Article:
Changes in Activities of Enzymes of Carbon Metabolism in Leaves during Exposure of Plants to Low Temperature 1


A. Scott Holaday, Wayne Martindale, Rhu Alred, Andrew L. Brooks, and Richard C. Leegood

Publish date

1992 Mar




We tested the possibility that two phenotypic traits, defective activation of macrophage antileishmanial activities and susceptibility to infection with Leishmania major, were controlled by the same gene. We used P/J (susceptible) and C3H/HeN (resistant) mice to breed F1, backcross (Bx), and F2 mice that were tested individually for both traits, each of which is known to be controlled by a single autosomal gene. We found no correlation between the macrophage defect and cutaneous disease. There was a correlation between development of systemic disease and defective macrophage activation in Bx mice; this correlation, however, was not confirmed in the F2 population.


Susceptibility of inbred mice to Leishmania major infection: genetic analysis of macrophage activation and innate resistance to disease in individual progeny of P/J (susceptible) and C3H/HeN (resistant) mice.


A H Fortier, A Tong, and C A Nacy

Publish date

1990 Dec;




Mammalian reproduction is dependent upon intermittent delivery of luteinizing hormone-releasing hormone (LHRH) to the anterior pituitary. This mode of secretion is required to sensitize maximally the gonadotrophs to LHRH stimulation and to regulate gonadotropin gene expression. While LHRH secretion is pulsatile in nature, the origin of the pulse generator is unknown. In this report, we show that this oscillator could be located within the LHRH neuronal network. When immortalized LHRH neurons are placed into a perifusion system, LHRH is secreted into the medium in a pulsatile fashion under basal conditions. LHRH secretion and the number of LHRH pulses are reduced when calcium is removed from the medium. Perifusion also influences pro-LHRH processing, since the molar ratio of its processed products varies dramatically when the cells are transferred from a static system. Several different cellular mechanisms may underlie these changes in secretion and processing. Lucifer yellow experiments reveal that some cells are dye-coupled. Hence, these cells could be electrically coupled through gap junctions such that secretion from individual cells could be coordinated. Secretion could also be synchronized through the observed synapse-like contacts. These contacts could perform a negative-feedback role to regulate not only the amount of LHRH released but also the molecular forms secreted. The organization of LHRH neurons into interconnected clusters could serve to coordinate LHRH secretion from individual cells and, thereby, orchestrate functions in vivo as diverse as the onset of puberty, the timing of ovulation, and the duration of lactational infertility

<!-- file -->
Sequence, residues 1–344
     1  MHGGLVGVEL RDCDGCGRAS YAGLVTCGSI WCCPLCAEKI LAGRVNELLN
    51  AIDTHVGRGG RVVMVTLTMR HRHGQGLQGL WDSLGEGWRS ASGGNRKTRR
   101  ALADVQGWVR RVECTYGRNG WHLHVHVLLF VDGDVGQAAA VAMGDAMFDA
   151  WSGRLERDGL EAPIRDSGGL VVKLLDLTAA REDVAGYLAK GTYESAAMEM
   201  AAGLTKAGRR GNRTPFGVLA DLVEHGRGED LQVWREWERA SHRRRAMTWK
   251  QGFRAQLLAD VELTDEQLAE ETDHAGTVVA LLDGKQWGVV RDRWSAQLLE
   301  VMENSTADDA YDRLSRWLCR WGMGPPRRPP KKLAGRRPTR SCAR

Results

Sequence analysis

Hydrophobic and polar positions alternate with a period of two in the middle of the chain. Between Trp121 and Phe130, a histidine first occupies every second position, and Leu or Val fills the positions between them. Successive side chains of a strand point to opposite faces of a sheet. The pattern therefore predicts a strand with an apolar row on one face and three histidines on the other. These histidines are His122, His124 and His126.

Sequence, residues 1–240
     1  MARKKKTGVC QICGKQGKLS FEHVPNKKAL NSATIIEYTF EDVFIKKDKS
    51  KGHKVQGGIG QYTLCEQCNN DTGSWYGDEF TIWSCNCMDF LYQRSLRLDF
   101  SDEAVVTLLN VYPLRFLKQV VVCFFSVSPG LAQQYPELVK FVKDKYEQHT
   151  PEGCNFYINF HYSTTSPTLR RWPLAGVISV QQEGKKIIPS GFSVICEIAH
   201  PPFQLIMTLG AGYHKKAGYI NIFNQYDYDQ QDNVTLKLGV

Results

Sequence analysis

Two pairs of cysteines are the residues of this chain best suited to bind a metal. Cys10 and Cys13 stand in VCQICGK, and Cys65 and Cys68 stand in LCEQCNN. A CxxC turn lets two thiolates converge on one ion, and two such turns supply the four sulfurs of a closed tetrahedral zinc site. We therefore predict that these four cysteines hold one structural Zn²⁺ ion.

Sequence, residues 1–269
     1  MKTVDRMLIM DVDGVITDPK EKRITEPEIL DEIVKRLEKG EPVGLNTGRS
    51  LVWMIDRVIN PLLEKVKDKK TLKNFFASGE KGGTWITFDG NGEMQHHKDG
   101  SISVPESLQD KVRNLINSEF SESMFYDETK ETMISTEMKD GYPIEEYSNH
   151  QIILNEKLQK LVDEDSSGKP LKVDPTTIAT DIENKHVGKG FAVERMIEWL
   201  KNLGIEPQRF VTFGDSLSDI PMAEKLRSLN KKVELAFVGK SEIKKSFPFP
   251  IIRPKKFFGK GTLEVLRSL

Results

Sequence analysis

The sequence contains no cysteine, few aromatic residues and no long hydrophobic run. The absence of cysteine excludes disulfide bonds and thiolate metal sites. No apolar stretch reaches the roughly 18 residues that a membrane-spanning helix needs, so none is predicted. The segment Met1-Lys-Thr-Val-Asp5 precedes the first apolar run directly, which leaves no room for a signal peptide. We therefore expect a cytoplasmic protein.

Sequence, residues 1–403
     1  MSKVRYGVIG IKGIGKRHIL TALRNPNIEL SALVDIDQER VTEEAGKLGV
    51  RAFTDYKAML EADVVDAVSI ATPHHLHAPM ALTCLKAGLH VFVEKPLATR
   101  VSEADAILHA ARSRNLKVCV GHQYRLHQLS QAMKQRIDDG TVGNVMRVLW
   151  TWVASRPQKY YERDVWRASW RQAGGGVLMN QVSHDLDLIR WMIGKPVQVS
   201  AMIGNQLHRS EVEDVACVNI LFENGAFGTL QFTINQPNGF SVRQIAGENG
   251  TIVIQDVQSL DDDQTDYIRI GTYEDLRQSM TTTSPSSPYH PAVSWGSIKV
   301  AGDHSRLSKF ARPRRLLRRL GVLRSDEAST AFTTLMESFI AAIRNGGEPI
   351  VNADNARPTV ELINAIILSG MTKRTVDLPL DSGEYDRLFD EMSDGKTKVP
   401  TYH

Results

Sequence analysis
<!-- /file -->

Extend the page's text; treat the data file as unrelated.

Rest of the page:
Intrinsic pulsatile secretory activity of immortalized luteinizing hormone-releasing hormone-secreting neurons.


W C Wetsel, M M Valenca, I Merchenthaler, Z Liposits, F J Lopez, R I Weiner, P L Mellon, and A Negro-Vilar

Publish date

1992 May 1;